Belief and Decision Networks
Tutorial Six (Supplementary): Decision Networks
By now you should be familiar with graph creation and querying with belief networks. Creating a decision problem is not much more difficult. First, go to the 'Network Options' menu and select 'Decision Network Mode' from 'Belief/Decision Modes'. You should see the options change slightly, and 'Solve' mode will have some buttons enabled that were not available in 'Belief Network Mode' pertaining to decision nodes. Note that if you are loading a decision network sample graph, the applet switches to 'Decision Network Mode' automatically.
Try creating a node somewhere on the graph. The Node Properties dialog will now allow you to set the node type by selecting the appropriate radio button next to 'Node type.' By default, nodes are created as regular nodes. Notice that when you select 'Utility' as the type, you can no longer enter any domain information for the node. This is because utility nodes only have a single domain element. You can only create one utility node in the graph.
Also notice that you can change the utility table for a utility node just as you can change the probability table for a regular node. Decision nodes have no probability tables, but you will have the chance to modify the decision functions later on.
Create a decision network of your own if you like, or load an existing decision problem to query. Then switch to 'Solve' mode. The solve toolbar will now look like the figure below:
The first thing to do with your decisions is to ensure that all decision nodes relevant to the utility node are ordered. This means that there should be a path from one of them to the utility node that goes through each of them exactly once. Once this is done, click the 'Add no-forgetting arcs' button. You can only optimize decisions after all no-forgetting arcs are present. This has already been done in the pre-existing problems, but you can go back to 'Create' mode to delete some edges and see what happens. No-forgetting arcs connect nodes that share information; if information is known before a decision it will be known before all following decisions.
Below is the Fire Alarm Decision Problem:
You can now optimize the decisions, creating the optimal policy. The Prompt dialog will appear when you click the 'Optimize Decisions' button allowing you to select Brief or Verbose Mode. In Brief Mode, you will be shown the expected value for that policy. If you optimize the decisions when in Verbose Query Mode, you will be able to see the variable elimination that gives you the information needed to maximize the decisions.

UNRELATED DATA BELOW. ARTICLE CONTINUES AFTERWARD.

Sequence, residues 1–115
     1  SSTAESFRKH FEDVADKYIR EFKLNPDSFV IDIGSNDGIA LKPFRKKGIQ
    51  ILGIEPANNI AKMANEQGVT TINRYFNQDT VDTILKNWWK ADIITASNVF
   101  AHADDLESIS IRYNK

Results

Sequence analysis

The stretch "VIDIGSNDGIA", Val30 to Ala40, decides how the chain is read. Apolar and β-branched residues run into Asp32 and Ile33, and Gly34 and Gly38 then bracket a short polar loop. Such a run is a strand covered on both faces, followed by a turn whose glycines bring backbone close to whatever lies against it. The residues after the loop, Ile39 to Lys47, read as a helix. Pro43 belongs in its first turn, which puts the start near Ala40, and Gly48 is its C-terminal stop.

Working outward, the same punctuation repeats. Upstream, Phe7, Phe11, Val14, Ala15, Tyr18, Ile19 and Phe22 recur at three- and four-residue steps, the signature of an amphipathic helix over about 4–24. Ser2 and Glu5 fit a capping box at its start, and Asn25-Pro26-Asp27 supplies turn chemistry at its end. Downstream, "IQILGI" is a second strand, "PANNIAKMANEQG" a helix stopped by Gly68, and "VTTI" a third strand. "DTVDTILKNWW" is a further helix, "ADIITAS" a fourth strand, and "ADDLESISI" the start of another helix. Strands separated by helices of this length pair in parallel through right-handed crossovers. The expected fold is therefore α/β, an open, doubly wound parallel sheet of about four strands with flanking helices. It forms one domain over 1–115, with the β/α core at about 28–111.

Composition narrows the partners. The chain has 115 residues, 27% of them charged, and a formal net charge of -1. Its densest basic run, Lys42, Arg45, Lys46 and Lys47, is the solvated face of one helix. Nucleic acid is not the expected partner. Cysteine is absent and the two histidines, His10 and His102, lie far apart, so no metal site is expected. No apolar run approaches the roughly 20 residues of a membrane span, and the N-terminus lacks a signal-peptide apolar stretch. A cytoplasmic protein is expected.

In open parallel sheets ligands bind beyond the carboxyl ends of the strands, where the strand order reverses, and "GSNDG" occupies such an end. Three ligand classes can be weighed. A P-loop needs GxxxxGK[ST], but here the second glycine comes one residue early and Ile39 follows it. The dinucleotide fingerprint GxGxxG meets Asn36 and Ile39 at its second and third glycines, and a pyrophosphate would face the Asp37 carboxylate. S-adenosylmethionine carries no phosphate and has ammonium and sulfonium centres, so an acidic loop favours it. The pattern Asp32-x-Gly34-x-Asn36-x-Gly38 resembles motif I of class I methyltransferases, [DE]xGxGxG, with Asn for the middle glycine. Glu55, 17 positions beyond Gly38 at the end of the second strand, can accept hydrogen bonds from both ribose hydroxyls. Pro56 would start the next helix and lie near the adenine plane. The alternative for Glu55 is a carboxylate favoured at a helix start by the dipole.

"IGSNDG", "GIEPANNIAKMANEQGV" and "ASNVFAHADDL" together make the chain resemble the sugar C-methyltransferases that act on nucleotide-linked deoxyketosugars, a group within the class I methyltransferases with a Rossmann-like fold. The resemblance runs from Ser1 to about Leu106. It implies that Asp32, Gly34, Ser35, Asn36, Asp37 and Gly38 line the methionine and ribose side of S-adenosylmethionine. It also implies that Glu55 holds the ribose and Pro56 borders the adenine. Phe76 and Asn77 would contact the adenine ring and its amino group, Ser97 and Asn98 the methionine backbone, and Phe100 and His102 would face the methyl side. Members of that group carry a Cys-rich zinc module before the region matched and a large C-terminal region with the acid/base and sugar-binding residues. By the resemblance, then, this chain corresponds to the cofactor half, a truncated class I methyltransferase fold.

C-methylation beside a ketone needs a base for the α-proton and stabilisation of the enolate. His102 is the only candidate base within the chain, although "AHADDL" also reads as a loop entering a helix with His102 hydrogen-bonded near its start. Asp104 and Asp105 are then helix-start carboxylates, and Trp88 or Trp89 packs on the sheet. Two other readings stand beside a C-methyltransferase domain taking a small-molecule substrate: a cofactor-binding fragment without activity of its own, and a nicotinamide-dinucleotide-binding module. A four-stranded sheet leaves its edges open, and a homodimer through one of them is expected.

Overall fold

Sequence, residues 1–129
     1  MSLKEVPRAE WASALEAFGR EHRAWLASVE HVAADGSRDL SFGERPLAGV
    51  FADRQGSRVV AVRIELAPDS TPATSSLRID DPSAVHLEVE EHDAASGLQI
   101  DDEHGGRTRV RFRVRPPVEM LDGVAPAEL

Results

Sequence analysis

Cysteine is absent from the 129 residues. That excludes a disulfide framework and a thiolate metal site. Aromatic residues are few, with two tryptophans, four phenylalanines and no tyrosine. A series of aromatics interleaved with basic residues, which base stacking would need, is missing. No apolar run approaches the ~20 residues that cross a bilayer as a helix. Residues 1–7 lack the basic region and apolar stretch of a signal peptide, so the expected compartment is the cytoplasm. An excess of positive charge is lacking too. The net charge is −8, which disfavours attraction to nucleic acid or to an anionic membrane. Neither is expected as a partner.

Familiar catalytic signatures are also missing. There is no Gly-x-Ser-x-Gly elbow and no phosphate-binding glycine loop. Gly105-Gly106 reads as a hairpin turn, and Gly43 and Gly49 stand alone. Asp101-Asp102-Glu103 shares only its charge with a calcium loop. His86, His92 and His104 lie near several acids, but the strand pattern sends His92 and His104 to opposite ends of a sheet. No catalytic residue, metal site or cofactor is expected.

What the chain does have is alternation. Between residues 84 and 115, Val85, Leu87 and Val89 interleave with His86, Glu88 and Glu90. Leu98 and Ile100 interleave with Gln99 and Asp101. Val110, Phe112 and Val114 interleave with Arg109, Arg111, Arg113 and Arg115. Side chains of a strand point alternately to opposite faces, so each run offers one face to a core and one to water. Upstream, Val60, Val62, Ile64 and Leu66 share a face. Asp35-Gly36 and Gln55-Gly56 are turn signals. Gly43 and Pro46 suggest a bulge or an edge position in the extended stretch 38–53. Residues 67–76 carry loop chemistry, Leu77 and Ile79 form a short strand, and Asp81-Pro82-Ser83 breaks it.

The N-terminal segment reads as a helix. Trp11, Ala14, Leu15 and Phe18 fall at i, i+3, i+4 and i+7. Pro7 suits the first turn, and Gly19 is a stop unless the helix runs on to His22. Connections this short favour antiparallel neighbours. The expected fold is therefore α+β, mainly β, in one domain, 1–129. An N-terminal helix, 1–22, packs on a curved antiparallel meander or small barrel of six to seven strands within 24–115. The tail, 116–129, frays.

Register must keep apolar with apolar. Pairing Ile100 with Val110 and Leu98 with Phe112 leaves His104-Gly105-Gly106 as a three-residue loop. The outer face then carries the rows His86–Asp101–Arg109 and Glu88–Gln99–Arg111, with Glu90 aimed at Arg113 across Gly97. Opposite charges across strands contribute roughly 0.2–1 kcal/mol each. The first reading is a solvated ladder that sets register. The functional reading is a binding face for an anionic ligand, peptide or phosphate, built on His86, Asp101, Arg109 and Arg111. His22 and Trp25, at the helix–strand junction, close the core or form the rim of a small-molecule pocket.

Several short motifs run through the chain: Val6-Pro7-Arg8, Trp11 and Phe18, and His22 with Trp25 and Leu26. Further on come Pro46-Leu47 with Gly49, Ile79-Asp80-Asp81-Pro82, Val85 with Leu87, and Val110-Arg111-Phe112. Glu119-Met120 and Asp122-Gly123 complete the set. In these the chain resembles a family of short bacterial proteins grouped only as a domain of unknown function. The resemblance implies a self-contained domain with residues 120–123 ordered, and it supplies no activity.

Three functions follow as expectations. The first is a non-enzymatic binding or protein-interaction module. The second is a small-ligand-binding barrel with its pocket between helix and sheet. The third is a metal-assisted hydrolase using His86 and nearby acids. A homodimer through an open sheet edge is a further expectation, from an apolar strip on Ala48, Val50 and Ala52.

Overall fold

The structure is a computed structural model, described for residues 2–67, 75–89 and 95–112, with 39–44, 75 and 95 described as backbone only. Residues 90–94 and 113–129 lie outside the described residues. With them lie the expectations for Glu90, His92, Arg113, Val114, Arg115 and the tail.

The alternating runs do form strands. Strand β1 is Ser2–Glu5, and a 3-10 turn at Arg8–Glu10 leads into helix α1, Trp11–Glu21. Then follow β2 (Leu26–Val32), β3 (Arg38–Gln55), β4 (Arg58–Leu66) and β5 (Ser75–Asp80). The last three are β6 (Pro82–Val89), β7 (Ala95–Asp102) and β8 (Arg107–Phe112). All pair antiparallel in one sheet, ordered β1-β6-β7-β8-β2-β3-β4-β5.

This policy is optimal, based on the observations currently in the network, but if you would like to see what effect changing the policy would have, click 'View/Modify Decision' and then click on a decision node. You will see a window like the one below, which was produced by inspecting the decision function for the variable call.
Change as many of the values as you like, click 'OK', and then query the utility node. You might see a different expected utility - if the expected utility has changed, it will be lower than the expected utility that was there before. You can also now query the decision nodes by pressing the "Query" button and selecting a decision node to see how likely it will be that the agent will make a particular decision. Notice that this probability is based on the decision function and the probabilities of the decision node's parents.
Finally, there are a few restrictions in place for decision networks. First, there may only be one utility node. Also, the utility of that node and the probabilities of any nodes which have decision nodes as parents are undefined until the decision functions for their parents are defined. A final restriction is that a decision may not be optimized if one of its parents has an observed value. A decision function defines the agent's actions for any context. Thus, if some decisions are observed or have observed parents, you will not be able to optimize them. It cannot find a decision function for any context because it is limited by its parent's observed value.
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